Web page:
Appellants argue that what we call the first division of the agreement is only a recital division, and that the second division is the operative part of the agreement, and that the operative section controls. As a matter of construction of the contract we do not concur in this position.

II. A cardinal rule as to construction of contracts is to ascertain the intention of the parties, and give effect to such intention. Des Moines Union R. Co. v. Chicago Great Western R. Co., 188 Iowa 1019, 177 N.W. 90, 9 A.L.R. 1557; Streator Clay Mfg. Co. v. Henning-Vineyard Co., 176 Iowa 297, 155 N.W. 1001; Beal v. Milliron, Iowa, 267 N.W. 83 (N.O.R.); Haggin v. Derby, 209 Iowa 939, 229 N.W. 257; Keck v. McKinstry, 206 Iowa 1121, 221 N.W. 851; Andrew v. Security Trust & Sav. Bank, 214 Iowa 1199, 243 N.W. 542; 12 Am.Jur., Contracts, § 227; 17 C.J.S. Contracts § 295.

There is drastic conflict in the testimony of the parties. Mr. Diehl and Mrs. Schlosser testify that there was a meeting of the minds to the effect that only the land north of the river was to be included after the execution of Exhibit D.

Mr. Diehl testified there were four changes discussed and to be made in the new agreement, Exhibit D. 1. Mrs. Schlosser was to sign the new agreement, which she did. 2. Correction was made as to one 40, misdescribed in Exhibit B. 3. Mr. Van Dusseldorp was granted a waiver as to five years of operation. 4. The new agreement was to pertain only to Mr. Schlosser's land north of the river.

The question involved in this case arose as a result of Mr. Schlosser's death on May 17, 1956. Plaintiffs are his widow and children. The executor, widow and children held a public sale of property in the estate on October 29, 1956, which sale included the 190 acres south of the Skunk River. There had been rumors defendant was claiming a gravel lease on the farm. Mr. Van Dusseldorp was at the sale. The auctioneer announced the farm would be sold free and clear of liens or encumbrances except the lease of Mr. Rogers, the tenant who was farming the place. Mr. Van Dusseldorp raised no question at the sale about the announcement.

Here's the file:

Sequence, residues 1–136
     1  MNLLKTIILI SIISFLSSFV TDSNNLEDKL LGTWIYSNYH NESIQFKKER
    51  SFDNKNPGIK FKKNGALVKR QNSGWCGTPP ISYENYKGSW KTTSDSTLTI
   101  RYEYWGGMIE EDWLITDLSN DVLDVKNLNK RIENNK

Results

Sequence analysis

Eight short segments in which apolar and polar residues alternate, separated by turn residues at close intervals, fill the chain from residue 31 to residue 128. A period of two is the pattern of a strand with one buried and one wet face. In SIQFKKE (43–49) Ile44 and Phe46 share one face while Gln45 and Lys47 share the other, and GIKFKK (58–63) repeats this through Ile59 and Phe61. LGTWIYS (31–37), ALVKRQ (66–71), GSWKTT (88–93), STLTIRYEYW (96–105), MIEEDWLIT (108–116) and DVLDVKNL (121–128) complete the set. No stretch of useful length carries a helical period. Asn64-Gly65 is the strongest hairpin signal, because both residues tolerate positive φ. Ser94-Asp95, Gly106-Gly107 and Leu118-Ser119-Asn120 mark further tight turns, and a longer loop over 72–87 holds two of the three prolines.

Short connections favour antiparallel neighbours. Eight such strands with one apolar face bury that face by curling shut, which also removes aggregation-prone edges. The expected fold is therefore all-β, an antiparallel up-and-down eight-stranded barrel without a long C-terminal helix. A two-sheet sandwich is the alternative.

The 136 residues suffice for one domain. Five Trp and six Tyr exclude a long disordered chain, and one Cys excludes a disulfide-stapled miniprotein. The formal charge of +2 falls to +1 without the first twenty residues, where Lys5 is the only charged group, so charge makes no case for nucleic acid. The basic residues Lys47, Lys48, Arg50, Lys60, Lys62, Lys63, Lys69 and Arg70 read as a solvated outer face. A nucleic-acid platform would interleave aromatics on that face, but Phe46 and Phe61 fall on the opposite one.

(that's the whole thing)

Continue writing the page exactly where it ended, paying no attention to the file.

Mr. Diehl testified he talked to defendant at the sale and told him he heard rumors about a gravel claim. He told defendant he would sue him if he was making such claim. Mr. Diehl testified: "in response to my question as to whether he (defendant) *718 was making a claim, Mr. Van Dusseldorp said he was was not."

Mrs. Schlosser testified she heard rumors after the sale that Mr. Van Dusseldorp was still claiming gravel rights on the Rogers farm. She had purchased the farm at the auction sale. She called him by telephone and explained she wanted a clear title, and he said: "Whatever John (John Diehl) says is okay, go right ahead Mamie, its all right with me, whatever John says is okay. * * * I don't want the land."

Mr. Van Dusseldorp denied these conversations. Two witnesses testified for him. Mr. Wheeler heard part of the conversation at the farm sale. He did not hear enough of it to be of any probative value.

Mr. Vacha was defendant's bookkeeper. He claims he was present at a conference in Mr. Diehl's office, when accounting as to royalties was being made. He attempted to testify about Exhibit D. There were several meetings about it, and Mr. Vacha apparently was not present at the meeting where all details were finally decided.

A circumstance which pertains to the intention of the parties as to the description in Exhibit D is the fact that at no time between 1948 and 1954 had Mr. Van Dusseldorp made any tests or exploration south of the river. He testified: "We ran the tests both east and west of Highway 117 (the Schlosser property at this point is north of the river) but we didn't run any south of the river as being that is a man made river."

In Haggin v. Derby, supra, we said: "The rule of primary importance in the interpretation of contracts is that the court must, if possible, ascertain and give effect to the mutual intention of the parties so far as that may be done without contravention of legal principles." [209 Iowa 939, 229 N.W. 260.]

Also see Andrew v. Security Trust & Sav. Bank, supra: "The meaning and effect of a contract, and the rights of the parties to it, are to be determined from their intention as evidenced by what they say and do and all that they say or do at the time and by their course of business." [214 Iowa 1199, 243 N.W. 545.]

Taking into consideration the evidence and all the circumstances, it is clear that it was the intention of the parties that only land north of the river was contained in the latest agreement, Exhibit D.